10:00AM, Thursday 10 September 2020
Crowds queue at the Magnet for the Antiques Roadshow
A new era is on the horizon for Maidenhead as the state-of-the-art Braywick Leisure Centre opens this weekend, but the move will see the town wave goodbye to a key part of its history after 45 years.
The Magnet Leisure Centre has been a versatile place – it has held counts for the general and local elections in the town; starred in TV shows the Antiques Roadshow and Dickinson’s Real Deal; and has become the long-serving home for a variety of clubs and charities for their cherished showpiece events, like the annual Lions Club Swimarathon.
It also had a cameo in hit 1991 sitcom The Brittas Empire, which poked light fun at leisure centres and staff of the time.
Opened 45 years ago in 1975, the Magnet was a big project, and while the building still stands (for now) there are also people working there who have been there since day one.
Jilly Jeffrey started part-time when the centre was first opened and has been there ever since on reception – with an impeccable sickness record.
“It has been very well used over the years, and of course everywhere we go, everyone knows me. My husband tells me to stay in the car when we go shopping,” Jilly joked.
When asked why she took the job in 1975, she said: “Well, it was brand new and it was state-of-the-art. I started off part-time because my son was three.”
Jilly added: “Not many people can say that they had wonderful enjoyment for all that time. I am very lucky.
“The other thing I am really proud of is I think the total number of sick days I took in 45 years equalled about a week. They said it must have been bad if Jilly was off.
“I have many memories of the Magnet, like when Prince Charles and Diana got married [in 1981]. We had a TV set up on the poolside.
“It was somewhere I got up and went to all the time and it was just great. I really wish the new Braywick Leisure Centre all the best and I hope that it is as happy a place as the Magnet was.
“I was always proud to say I worked there.”
Maidenhead Primary Schools Music Festival at the Magnet, 1983 (above)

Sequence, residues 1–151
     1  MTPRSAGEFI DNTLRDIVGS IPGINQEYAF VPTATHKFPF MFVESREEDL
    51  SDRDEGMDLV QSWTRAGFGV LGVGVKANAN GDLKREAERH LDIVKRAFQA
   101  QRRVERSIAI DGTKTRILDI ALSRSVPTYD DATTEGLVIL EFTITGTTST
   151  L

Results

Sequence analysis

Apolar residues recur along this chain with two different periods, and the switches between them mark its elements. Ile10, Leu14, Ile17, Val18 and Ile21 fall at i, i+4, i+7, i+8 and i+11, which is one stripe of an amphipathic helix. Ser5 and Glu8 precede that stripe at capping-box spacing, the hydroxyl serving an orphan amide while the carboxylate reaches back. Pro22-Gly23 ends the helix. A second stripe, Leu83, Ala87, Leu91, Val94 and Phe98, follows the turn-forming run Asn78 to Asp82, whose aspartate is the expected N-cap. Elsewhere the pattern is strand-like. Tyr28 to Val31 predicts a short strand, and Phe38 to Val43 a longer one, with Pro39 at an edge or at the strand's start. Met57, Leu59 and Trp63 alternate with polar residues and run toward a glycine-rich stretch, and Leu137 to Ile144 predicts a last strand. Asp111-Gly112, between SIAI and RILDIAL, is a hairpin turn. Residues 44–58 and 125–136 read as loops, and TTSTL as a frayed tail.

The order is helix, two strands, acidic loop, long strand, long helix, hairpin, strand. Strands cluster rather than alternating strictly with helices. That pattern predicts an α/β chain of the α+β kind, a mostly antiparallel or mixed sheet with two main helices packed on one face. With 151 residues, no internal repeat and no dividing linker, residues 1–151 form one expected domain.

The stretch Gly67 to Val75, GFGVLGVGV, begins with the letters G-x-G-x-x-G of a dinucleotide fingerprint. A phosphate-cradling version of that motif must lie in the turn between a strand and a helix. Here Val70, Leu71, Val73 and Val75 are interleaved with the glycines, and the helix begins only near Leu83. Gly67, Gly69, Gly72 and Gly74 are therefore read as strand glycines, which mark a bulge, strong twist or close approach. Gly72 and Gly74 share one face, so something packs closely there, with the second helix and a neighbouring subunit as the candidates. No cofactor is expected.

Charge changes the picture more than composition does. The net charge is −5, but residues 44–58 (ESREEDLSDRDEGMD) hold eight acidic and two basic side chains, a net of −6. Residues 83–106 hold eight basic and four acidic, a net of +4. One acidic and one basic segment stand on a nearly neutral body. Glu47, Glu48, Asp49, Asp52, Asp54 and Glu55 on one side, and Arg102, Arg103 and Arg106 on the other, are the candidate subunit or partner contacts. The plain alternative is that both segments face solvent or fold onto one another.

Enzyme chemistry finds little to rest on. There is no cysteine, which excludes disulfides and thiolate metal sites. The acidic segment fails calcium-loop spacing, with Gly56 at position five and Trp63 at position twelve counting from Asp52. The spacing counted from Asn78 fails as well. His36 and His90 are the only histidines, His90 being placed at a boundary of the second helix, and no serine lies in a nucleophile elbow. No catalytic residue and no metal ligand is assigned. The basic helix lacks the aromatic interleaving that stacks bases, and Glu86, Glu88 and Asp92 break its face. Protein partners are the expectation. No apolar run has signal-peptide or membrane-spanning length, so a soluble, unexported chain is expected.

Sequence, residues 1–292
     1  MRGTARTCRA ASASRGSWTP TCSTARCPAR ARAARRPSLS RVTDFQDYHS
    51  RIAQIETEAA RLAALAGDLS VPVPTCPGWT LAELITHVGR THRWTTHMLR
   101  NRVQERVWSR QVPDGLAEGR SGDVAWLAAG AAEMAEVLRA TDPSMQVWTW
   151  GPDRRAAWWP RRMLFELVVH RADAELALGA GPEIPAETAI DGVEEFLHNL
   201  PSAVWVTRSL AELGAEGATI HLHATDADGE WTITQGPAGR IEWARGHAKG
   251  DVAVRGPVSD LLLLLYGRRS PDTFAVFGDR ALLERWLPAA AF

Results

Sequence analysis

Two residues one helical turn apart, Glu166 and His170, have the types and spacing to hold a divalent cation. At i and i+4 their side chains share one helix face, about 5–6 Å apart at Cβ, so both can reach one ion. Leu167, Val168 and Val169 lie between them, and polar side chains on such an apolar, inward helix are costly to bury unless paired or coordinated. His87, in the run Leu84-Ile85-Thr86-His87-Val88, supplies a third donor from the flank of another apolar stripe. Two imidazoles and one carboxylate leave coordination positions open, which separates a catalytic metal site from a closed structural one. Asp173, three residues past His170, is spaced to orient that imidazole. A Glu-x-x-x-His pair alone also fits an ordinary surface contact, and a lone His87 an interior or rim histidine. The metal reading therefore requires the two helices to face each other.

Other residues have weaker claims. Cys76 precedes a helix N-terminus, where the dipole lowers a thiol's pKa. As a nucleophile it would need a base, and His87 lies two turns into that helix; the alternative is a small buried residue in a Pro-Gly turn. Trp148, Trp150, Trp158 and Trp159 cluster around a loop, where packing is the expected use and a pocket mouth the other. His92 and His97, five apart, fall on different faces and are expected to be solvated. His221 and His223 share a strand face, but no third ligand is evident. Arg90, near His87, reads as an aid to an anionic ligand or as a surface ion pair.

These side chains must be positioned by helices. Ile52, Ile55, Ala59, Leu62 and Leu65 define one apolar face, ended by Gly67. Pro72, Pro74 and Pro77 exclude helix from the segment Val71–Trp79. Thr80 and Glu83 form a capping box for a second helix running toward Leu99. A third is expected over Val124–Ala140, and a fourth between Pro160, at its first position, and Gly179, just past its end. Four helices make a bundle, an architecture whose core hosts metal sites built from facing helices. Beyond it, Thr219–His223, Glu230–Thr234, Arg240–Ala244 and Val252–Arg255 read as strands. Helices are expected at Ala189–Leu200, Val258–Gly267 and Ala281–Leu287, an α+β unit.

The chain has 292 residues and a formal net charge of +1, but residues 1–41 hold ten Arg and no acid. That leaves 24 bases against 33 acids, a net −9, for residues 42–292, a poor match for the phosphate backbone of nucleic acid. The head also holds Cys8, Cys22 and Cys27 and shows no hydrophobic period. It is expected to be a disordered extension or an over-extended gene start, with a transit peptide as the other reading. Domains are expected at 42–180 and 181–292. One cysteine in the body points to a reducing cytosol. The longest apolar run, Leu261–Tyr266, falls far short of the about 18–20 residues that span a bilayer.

Jilly worked under 10 managers during her long stint, one of them Kevin Mist, now the council’s monitoring officer.
He was manager between 1993 and 2003, after starting out in an assistant manager role.
Kevin fondly recalled the Magnet’s various TV appearances and also its popular discos – like Escapades – and war commemorations.
“It was a shock when I first arrived because it was a fantastically busy leisure centre with the discos on Saturday nights a real feature. And it is like a Tardis, you keep finding spaces,” Kevin, who started at the Magnet in 1988, said.
“It was getting 700,000 through the door a year, even back then. It really did have a buzz.
“It has always remained popular. It had about 800,000 annual visitors now (pre-COVID), even though it is a 45-year old building.
“It has always been a local leisure centre – which makes it special because everybody locally regards it as their leisure centre.”
When tasked with summing up his time at the Magnet, Kevin explained: “At times it was challenging, at times it was very fulfilling, all the time it was something to enjoy.”
The Magnet site is earmarked for redevelopment
Cllr Samantha Rayner, the council’s lead member for leisure, has not been associated with the Magnet for as long but says it has represented an ‘iconic’ part of Maidenhead.
“I did not get to visit it until 2012 when my husband was first elected as a councillor.
“My elections were always counted there so it holds special memories for me as well.
“It has always been a much-loved leisure centre – for me the Magnet has represented an iconic part of Maidenhead.”
Jilly will have one last walk around the Magnet tomorrow (Friday) before the doors are closed for good and the Braywick site opens on Saturday.
“I made so many friends there, lasting friends as well. It is going to be sad to see it tumbling down,” Jilly said.
“It has been a really fantastic place to work.”
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